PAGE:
Skip to main content Accessibility help
×
Home

When language met society: sociolinguistics in the twenty-first century

  • Simone Bacchini

Extract

Languages, like their speakers, are socially situated. They exist in specific contexts, which they help shape and which, in turn, are shaped by them. Looking at the ways in which these interactions occur can tell us a lot about language users as well as languages (and language) themselves. Broadly speaking, it is this social aspect of language that is the object of study of sociolinguistics. I may be biased (after all, it was after being exposed to Cheshire's (2009) study of language use by a group of adolescents in Reading, England, that I decided to choose it as a field of study), but it is indeed a fascinating branch of linguistics, for it has the potential to appeal to those with an interest in language – either as an entity per se or as an instrument – but also to those who are more attracted by the sociological implications of it.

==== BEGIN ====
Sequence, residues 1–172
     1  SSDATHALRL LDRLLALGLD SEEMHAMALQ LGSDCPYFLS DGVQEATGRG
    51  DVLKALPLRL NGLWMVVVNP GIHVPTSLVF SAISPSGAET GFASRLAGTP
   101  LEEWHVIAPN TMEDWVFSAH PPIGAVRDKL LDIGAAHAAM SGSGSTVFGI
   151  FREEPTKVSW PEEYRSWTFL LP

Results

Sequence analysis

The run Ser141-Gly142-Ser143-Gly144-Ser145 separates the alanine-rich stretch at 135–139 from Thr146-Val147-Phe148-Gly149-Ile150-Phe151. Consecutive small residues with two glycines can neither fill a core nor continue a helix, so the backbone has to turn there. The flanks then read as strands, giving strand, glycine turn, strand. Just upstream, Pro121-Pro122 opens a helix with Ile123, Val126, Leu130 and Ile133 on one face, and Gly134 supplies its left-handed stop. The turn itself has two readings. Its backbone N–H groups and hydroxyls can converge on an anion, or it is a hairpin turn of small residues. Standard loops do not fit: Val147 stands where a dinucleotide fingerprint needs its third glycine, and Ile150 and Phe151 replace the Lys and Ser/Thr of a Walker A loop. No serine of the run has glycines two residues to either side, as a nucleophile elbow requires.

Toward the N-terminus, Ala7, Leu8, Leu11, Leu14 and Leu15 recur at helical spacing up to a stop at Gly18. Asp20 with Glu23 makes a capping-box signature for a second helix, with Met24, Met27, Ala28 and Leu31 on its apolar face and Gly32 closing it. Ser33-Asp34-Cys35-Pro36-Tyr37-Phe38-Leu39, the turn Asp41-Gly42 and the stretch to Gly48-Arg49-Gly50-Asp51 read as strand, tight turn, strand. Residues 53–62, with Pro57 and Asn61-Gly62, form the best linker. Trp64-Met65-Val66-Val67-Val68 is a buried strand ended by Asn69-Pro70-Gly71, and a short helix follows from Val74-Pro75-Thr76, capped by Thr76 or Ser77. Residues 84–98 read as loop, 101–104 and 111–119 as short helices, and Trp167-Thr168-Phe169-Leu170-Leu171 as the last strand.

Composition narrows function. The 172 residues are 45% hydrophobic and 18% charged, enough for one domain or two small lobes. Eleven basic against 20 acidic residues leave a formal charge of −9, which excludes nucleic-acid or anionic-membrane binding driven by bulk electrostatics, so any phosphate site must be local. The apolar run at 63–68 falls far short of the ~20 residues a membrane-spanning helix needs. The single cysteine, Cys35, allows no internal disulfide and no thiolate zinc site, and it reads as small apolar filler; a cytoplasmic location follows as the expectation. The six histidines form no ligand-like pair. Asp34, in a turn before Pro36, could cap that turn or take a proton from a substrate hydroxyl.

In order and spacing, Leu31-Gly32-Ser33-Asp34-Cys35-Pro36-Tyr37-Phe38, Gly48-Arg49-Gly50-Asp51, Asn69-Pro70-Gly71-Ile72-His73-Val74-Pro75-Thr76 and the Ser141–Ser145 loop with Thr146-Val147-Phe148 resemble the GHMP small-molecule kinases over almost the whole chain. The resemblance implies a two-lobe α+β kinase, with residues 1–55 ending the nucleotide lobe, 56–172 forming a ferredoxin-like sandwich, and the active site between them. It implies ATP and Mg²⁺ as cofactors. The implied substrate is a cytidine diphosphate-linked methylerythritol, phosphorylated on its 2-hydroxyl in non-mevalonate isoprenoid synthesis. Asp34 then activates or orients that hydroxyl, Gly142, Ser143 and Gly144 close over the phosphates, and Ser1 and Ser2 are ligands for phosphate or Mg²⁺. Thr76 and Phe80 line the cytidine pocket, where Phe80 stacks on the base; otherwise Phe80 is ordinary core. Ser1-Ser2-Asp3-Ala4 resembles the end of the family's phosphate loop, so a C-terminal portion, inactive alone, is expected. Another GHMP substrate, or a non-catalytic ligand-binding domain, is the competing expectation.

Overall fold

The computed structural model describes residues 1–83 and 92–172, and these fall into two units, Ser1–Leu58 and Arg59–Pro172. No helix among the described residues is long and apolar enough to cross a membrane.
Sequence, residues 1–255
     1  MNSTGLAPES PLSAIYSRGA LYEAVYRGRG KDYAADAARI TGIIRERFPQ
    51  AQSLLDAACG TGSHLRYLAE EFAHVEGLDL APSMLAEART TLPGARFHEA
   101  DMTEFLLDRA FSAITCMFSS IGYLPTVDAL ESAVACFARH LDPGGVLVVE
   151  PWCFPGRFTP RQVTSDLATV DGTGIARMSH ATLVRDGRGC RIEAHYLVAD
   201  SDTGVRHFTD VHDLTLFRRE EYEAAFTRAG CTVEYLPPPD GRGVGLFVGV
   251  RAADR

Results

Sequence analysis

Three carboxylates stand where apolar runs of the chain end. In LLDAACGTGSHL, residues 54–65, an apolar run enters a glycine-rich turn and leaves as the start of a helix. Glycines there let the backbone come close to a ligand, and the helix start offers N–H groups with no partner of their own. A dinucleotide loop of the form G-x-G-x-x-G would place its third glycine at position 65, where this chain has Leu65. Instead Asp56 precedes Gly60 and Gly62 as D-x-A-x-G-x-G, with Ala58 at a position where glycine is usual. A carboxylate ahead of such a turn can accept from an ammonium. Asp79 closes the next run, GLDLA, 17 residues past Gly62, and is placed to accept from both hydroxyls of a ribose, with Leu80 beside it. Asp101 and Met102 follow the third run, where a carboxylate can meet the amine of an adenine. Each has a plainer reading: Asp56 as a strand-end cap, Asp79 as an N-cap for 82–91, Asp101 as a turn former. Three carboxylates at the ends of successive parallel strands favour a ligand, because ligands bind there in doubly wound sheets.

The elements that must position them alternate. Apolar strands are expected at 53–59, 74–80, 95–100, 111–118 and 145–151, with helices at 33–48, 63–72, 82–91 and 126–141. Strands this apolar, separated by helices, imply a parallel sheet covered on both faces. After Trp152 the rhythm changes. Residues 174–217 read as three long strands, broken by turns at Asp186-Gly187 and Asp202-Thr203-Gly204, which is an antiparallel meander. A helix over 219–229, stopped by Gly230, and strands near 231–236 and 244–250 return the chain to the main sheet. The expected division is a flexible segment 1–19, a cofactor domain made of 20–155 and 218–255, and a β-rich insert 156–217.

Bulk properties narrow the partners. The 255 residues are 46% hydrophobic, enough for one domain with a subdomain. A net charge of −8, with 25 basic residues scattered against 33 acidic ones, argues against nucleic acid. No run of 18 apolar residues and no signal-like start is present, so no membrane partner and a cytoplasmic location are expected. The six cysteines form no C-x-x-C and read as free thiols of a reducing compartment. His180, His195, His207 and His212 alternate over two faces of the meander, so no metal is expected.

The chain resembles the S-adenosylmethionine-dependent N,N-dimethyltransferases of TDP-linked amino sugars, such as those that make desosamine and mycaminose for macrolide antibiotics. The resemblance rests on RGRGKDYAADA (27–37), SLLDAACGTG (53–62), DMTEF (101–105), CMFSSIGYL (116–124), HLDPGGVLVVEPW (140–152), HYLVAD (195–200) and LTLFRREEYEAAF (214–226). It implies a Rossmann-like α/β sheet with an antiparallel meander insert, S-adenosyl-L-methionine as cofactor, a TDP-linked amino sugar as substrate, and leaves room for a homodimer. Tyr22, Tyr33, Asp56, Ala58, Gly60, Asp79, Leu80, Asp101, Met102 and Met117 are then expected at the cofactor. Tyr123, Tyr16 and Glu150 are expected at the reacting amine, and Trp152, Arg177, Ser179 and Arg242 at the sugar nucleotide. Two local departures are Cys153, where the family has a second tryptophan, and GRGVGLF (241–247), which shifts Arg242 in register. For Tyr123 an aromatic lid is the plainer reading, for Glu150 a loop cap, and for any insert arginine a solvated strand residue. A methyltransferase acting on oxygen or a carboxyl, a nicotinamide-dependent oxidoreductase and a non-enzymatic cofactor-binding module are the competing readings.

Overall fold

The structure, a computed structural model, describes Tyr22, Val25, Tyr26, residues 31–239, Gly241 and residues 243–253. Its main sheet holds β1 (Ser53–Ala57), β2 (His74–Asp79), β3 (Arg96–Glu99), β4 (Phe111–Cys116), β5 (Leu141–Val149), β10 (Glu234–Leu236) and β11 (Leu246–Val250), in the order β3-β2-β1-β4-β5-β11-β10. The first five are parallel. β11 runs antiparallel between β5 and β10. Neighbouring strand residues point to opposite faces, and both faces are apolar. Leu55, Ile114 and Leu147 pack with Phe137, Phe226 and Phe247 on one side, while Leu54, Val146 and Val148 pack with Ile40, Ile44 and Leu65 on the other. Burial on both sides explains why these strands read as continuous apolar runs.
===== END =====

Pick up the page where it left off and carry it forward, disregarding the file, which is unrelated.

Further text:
Copyright

Corresponding author

References

Hide All
Cheshire, J. 2009. Variation in an English Dialect: A Sociolinguistic Study. Cambridge: Cambridge University Press.
Mesthrie, R. (ed.) 2011. The Cambridge Handbook of Sociolinguistics. Cambridge: Cambridge University Press.
Wardaugh, R. 2009. An Introduction to Sociolinguistics, 6th edn.Oxford: Wiley-Blackwell.

When language met society: sociolinguistics in the twenty-first century

  • Simone Bacchini

Metrics

Full text views

Total number of HTML views: 0
Total number of PDF views: 0 *
Loading metrics...

Abstract views

Total abstract views: 0 *
Loading metrics...

* Views captured on Cambridge Core between <date>. This data will be updated every 24 hours.

Usage data cannot currently be displayed